Volcom Modulator 5/4/3 Hooded Wetsuit Review
Volcom has been on the surf scene for decades. With their iconic house on the Northshore of Oahu, star-studded list of team riders, and jaw-dropping edits over the years it’s undeniable their influence on the industry. Volcom Stone Presents Psychic Migrations. This year they decided to finally enter the full suit fray and released their Modulator line. Wading into the increasingly crowded field of bargain-priced wetsuits with premium features, how does the new neoprene on the rack stack up to the competition?
First impressions of the suit are simple but stylish. No overly-flashy branding or unique design that will make you stand out in the line-up. Just a couple of classic Stone logos and a Volcom wordmark. I personally dig the low-key look.
Neoprene and Liner
Trying the 5/4/3 Modulator on, the quality of the limestone-based neoprene is immediately noticeable. It’s got an incredible buttery feel and it dries super quick. The liner isn’t my favorite and there are more plush liners on the market, but it is light and it doesn't make the suit feel too stiff. It also does its job well, keeping me toasty warm in Oregon’s icy 48°F water.
The shoulder panels are designed in a way that the suit does not feel bulky or cumbersome once it is fully saturated. The overall flexibility is superb and, like all great wetsuits, it felt like a second skin in the water. I wasn’t reminded of the constant and terrible reality of having to wear a 5mm wetsuit to surf while in the Modulator and avoiding existential dread is always a good thing.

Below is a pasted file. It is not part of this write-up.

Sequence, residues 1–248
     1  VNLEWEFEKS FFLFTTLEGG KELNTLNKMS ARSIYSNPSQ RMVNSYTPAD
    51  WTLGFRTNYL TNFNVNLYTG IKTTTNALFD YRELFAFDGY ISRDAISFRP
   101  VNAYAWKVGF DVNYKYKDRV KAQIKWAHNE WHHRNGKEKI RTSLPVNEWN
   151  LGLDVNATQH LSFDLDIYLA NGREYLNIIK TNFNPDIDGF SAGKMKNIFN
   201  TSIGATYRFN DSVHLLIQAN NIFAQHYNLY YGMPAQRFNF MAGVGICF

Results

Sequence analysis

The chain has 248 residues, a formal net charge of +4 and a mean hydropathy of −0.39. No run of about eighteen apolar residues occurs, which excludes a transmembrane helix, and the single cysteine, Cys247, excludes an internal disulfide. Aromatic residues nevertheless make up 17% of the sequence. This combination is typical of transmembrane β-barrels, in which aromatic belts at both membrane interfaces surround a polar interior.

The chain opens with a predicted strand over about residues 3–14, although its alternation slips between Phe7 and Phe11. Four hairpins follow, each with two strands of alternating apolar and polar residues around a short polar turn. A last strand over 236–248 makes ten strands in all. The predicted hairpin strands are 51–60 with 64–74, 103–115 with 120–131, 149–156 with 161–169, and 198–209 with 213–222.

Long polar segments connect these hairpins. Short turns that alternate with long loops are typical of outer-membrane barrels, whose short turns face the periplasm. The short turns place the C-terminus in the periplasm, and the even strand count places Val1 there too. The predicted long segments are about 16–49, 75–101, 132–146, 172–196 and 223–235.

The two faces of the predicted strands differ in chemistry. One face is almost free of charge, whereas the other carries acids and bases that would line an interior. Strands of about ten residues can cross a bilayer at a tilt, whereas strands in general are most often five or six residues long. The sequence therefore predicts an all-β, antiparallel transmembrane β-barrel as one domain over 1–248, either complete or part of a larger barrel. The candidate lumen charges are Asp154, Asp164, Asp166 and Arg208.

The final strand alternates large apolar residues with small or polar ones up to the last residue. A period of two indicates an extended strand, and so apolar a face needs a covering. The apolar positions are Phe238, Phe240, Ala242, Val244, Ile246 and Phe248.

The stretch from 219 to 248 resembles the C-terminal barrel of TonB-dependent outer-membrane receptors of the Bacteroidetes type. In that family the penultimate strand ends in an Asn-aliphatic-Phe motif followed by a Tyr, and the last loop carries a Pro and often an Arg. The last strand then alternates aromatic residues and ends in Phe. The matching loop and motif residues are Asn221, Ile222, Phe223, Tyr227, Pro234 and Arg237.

Now fit is everything, and the suit is definitely cut for a skinnier body type. I am 6’5, 190 lbs, and reviewing size Large Tall. I wear an LT in most other brands, but after a couple of days of testing, I found that I prefer the XLT. If you are in-between sizes, I would recommend sizing up.
The hood fits well on my slightly larger head and the chin gusset, while not my favorite feature in a hood, is fine and didn’t bother me while surfing. The Modulator’s chest entry and gaskets form a great seal, even over booties, so no sudden flushing when duck diving or during the unfortunate, but inevitable, wipeout. In fact, one thing of note is how tight the wrist and ankle openings are when trying on the suit for the first time. This might shy away some neoprene virgins, those lucky folk, but after the first couple of sessions, they relaxed a bit and still kept a great seal.
Seams and Durability
The entire Modulator line has double-blind stitched and fully taped seams. I haven’t felt any leakage from the seams in the testing that I have done so far. The long-term durability of the 5/4/3 seems high and Volcom backs up its workmanship with a one-year warranty from the date of purchase.
The 5/4/3 hooded Modulator has a suspicious lack of smoothskin when compared to the competition, but this is a feature I am glad that Volcom left out. Most coldwater surfers are finding out that a smoothskin panel is usually the first thing to fail, especially when placed on the chest. The added wind resistance that smoothskin provides does not seem worth it unless you are kiting or live in a particularly windy climate.
Compared to other wetsuits of this caliber and price, such as the Vissla Seven Seas, Buell RB2, and Rip Curl Dawn Patrol, the Volcom Modulator holds its own. It is an easy recommendation to any customer looking for a budget-priced yet high-quality wetsuit. It’s got everything you want and nothing you don’t, like a stiff and dorky bill on the hood. Everyone here at the shop that has had the chance to try the Modulator has been stoked about it, and I am excited to see how Volcom’s wetsuit line evolves in the future. Snag one before they are gone! Good neoprene moves quickly these days.
If you have any questions about the Volcom Modulator or need sizing help, feel free to leave a comment, give us a call at 1-888-546-6176, or shoot an email to firstname.lastname@example.org. Enjoy the water!
The Modulator is also available in 4/3mm hooded and 4/3mm non-hooded models.